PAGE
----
Opinion by NAZARIAN, J.
A group of residents in the Roland Park neighborhood of Baltimore objects to the prospect of an eighty-foot tall apartment building on a parcel of undeveloped, wooded land located near the intersection of Falls Road and Northern Parkway. In practical terms, they complain the building would block the view from some of the residents' homes and would create an unacceptable level of additional traffic and safety problems in the area.
The dispute itself, though, involves more complicated legal questions. The eighty-foot building would have been permitted under the applicable height restrictions of Baltimore's former zoning scheme. But that scheme was replaced on June 5, 2017 by a new zoning scheme known as TransForm Baltimore, and TransForm Baltimore would forbid it—its height limitation for a multi-family dwelling such as this is thirty-five feet. And the zoning application and decision at issue here straddle TransForm Baltimore's effective date.
TransForm Baltimore includes transition rules for resolving whether the old or the new zoning code applies to "applications" pending at the time of the new code's adoption. Section 2-203(k)(1) provides that an application filed before June 5, 2017 is governed by the provisions of the old zoning code. So on April 3, 2017, in an attempt to "vest" its "right" under the old code to build an eighty-foot building, a Developer—the appellant
Several groups of residents sought judicial review of the PUD Ordinance in the Circuit Court for Baltimore City. After briefing and a hearing, the circuit court, in a 117-page opinion, vacated the PUD Ordinance and remanded the case for further consideration. As an initial matter, the court found that the "Findings of Fact" adopted by the Council— a two-page form that tracks the statutory language but lacks any actual factual findings— were insufficient to provide a basis for judicial review. The circuit court further held that, contrary to the Developer and City's view, the Developer's PUD application did not "vest" its "right" to build an eighty-foot building. Instead, the filing had the following consequences: (1) under the applicable transition provision (the new code's section 2-203(k)(1)), the City Council must evaluate the PUD application according to the PUD evaluation criteria set forth in the old code (§§ 9-112, 14-204, 14-205); and (2) those criteria required the City Council to engage in an analysis that included comparing the proposed building to what TransForm Baltimore allowed, i.e., a thirty-five foot building. Two groups of residents appealed the circuit court's ruling and the Developer and the City cross-appealed.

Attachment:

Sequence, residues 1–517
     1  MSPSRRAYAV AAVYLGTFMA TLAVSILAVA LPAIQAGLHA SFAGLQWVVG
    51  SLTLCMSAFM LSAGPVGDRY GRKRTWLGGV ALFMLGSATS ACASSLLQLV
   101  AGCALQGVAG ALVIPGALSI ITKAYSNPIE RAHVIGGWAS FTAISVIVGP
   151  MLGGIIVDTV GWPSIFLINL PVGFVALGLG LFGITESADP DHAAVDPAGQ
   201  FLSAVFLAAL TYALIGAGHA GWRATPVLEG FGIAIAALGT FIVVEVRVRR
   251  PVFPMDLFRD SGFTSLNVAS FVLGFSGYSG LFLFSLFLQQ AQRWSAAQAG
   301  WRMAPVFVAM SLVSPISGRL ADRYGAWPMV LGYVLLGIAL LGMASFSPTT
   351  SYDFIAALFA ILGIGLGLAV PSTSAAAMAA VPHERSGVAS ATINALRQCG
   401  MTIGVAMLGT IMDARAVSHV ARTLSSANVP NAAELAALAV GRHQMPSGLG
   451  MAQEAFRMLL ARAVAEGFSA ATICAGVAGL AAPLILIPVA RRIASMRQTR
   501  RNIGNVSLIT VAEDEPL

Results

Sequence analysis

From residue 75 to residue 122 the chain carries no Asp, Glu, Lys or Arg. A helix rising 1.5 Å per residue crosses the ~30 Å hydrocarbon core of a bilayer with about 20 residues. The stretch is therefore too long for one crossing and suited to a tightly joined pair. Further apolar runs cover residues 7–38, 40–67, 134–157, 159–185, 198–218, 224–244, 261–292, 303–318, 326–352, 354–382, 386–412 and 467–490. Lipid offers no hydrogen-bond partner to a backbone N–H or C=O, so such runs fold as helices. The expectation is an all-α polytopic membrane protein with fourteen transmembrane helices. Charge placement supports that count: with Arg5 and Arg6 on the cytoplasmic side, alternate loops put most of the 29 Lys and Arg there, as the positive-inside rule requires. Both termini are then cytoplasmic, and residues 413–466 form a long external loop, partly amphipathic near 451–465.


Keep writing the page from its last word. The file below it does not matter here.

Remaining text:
We affirm. We agree with the circuit court that even though it filed its PUD application before June 5, 2017, the Developer does not currently have the "right" to build an eighty-foot building. As the circuit court observed, the outcome might have been different had the Developer filed a building permit application before that date. But it didn't. The administrative process and standards associated with PUD applications applied to this application, and they required the City Council to compare what the PUD application proposes (an eighty-foot building) to what the new code allows (a thirty-five foot building or buildings). The practical result is that the City Council may yet approve the eighty-foot building the PUD application proposes, but it must apply the old code's criteria and make the necessary findings of fact first.
The circuit court detailed the course of events well and comprehensively over almost fifty pages of its memorandum opinion, and we will not attempt to replicate its excellent work. Instead, we include the background necessary for the limited questions of law before us, and what follows is undisputed unless we indicate otherwise. What follows, though, should not be construed as findings—the role of finding facts lies with the City Council in the first instance. And as we explain below, we agree with the circuit court that the Findings of Fact on which the Council relied when it adopted the PUD Ordinance were insufficient for that purpose, and the case ultimately must be remanded so that the Council can fulfill that role.
A. TransForm Baltimore
At the center of this case is Baltimore's comprehensive new zoning ordinance,
"TransForm Baltimore," which the City Council adopted on December 5, 2016 and which became effective on June 5, 2017. Before then, Baltimore followed a separate zoning code; we will follow the circuit court and refer to it as the "old" or "former" zoning law. TransForm Baltimore is now codified as Article 32 of the Baltimore City Code, with the short title "Zoning Code of Baltimore City." Again, like the circuit court, we will call it the "new" or "current" zoning code or "TransForm Baltimore."